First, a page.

Fringe Benefit Tax (FBT) is a Federal Government tax imposed on employers on the value of certain fringe benefits that have been provided to employees in respect of their employment. The FBT year runs from 1 April to the following 31 March. The current rate of FBT is 49% (2015/2016) and this is calculated on the grossed-up value of the benefit.
Fringe benefit tax payments are different to salary or wages. It's a benefit provided with respect to employment. There are a variety of benefits and these include entertainment, private use of a company car, cheap loans provided to employees, gym memberships, school fees and child care fees. In addition, most employers/salary packaging providers will allow you to claim personal expenses which have been paid in the last 6 months.
Therefore, for those commencing employment in January or towards the end of any FBT year, you should look to claim your full entitlement for the FBT year which ends on 31 of March allowing you to receive $9,094. 80 plus any meals tax-free up to this date. Often referred to as FBT, the Fringe Benefit Tax is imposed on non-cash benefits that employees receive from employers. The tax first came to be in 1986 with the release of the Fringe Benefits Tax Assessment Act of 1986. The ATO can be a little vague in describing Fringe Benefit Tax (FBT): “FBT is paid by employers on certain benefits they provide to their employees or their employees’ associates (typically family members) in respect of the employee's employment. FBT is separate from income tax and is based on the taxable value of the fringe benefits provided”.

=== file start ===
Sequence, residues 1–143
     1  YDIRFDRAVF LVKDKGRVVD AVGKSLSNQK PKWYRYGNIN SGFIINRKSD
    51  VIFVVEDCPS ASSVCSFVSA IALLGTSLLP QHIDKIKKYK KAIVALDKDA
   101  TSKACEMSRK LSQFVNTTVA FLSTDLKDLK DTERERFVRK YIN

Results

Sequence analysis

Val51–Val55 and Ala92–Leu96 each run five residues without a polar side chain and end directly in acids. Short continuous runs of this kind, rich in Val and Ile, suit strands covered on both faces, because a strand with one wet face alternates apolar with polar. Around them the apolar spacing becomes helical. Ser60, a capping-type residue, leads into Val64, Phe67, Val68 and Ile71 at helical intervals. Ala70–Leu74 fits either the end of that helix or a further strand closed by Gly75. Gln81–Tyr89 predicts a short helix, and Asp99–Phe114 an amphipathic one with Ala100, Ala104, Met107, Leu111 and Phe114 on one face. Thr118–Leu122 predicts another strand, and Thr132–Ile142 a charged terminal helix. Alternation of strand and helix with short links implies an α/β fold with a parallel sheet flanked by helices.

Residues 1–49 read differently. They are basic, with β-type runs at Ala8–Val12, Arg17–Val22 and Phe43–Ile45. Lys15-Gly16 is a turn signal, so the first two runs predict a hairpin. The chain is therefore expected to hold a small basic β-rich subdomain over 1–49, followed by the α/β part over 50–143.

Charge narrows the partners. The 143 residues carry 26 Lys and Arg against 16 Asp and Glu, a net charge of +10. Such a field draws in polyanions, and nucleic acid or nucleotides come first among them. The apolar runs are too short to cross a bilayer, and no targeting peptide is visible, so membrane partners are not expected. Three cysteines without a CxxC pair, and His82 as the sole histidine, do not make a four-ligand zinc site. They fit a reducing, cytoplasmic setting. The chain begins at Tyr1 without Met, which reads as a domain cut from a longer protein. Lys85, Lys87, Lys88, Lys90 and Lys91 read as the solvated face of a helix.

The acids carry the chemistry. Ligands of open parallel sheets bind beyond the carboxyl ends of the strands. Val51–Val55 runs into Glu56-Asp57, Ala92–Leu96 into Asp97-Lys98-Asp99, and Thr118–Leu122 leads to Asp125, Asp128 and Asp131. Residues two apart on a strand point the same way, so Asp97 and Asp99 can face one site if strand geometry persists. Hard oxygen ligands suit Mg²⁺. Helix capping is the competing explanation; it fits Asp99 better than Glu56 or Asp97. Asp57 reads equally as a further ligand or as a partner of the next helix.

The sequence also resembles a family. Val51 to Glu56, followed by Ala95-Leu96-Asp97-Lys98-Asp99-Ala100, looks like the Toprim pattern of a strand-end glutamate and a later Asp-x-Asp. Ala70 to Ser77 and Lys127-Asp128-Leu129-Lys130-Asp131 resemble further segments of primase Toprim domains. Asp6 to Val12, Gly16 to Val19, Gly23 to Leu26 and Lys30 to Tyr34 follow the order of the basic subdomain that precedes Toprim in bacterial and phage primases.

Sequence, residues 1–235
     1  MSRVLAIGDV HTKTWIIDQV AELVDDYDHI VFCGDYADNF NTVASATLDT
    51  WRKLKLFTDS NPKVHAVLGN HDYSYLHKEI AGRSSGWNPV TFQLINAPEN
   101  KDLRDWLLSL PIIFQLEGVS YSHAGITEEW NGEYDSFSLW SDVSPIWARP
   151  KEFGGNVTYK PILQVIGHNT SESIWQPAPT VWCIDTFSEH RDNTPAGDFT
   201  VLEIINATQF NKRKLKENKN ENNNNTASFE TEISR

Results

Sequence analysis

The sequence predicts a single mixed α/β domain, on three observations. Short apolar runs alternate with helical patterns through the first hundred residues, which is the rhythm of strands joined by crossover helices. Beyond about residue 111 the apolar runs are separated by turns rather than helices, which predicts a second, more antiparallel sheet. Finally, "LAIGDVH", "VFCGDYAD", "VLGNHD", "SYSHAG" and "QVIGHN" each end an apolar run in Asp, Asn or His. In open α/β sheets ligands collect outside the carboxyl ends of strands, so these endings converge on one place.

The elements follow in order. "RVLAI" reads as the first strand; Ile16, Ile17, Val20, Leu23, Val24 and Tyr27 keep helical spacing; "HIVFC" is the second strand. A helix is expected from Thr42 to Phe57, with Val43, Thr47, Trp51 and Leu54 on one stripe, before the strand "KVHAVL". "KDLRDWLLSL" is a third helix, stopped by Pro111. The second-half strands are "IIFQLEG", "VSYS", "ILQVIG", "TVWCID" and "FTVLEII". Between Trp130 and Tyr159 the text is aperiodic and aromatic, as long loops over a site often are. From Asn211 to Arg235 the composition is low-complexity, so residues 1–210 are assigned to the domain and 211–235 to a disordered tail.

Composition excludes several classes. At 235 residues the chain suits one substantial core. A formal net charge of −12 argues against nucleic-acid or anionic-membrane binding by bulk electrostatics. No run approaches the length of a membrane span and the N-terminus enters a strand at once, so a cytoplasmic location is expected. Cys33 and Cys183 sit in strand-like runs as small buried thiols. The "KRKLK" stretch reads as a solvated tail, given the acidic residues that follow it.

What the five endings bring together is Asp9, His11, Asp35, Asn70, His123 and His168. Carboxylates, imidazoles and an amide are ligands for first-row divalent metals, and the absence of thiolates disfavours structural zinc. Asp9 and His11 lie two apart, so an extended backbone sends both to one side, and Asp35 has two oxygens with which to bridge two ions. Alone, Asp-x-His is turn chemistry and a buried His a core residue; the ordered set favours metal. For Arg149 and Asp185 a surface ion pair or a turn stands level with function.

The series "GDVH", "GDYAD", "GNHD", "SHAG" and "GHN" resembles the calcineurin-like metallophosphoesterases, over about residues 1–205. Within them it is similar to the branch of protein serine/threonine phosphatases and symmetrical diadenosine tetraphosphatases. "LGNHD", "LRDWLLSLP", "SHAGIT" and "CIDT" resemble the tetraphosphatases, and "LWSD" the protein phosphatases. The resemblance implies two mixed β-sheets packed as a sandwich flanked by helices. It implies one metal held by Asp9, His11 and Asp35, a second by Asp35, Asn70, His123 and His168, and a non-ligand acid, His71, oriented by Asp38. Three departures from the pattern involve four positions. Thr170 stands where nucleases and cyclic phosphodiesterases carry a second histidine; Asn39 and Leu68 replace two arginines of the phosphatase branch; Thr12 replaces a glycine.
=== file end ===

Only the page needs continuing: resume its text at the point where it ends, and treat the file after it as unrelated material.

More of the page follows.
Even though the employer is the one that pays a Fringe Benefit Tax, the employee must still report it on their PAYG statement if the benefits exceed $2,000. Despite the requirement to report the benefits, the employee will not be responsible for paying any taxes on the items. Despite these benefits, there are some important things to bear in mind when considering salary packaging. Fringe benefits paid for using salary sacrificing may be subject to Fringe Benefit Tax, although there is a range of exceptions included for employees of not-for-profit organisations and public hospitals.
The Tax Office has several different categories of fringe benefits, which include:
• car fringe benefit
• debt waiver
• loan fringe benefit
• expense payment
• housing fringe benefit
• living away from home allowance
• airline transport
• board (accommodation)
• tax-exempt body entertainment
• car parking
• property fringe benefit, and
• residual benefits (that is, other benefits not covered by the above).
If you need more information in regards to this please call 1300 488 330 and talk to our professionals at Absolute Accounting Solutions.
DISCLAIMER: All information provided in this publication is of a general nature only and is not personal financial or investment advice. It does not take into account your particular objectives and circumstances. No person should act on the basis of this information without first obtaining and following the advice of a suitably qualified professional advisor.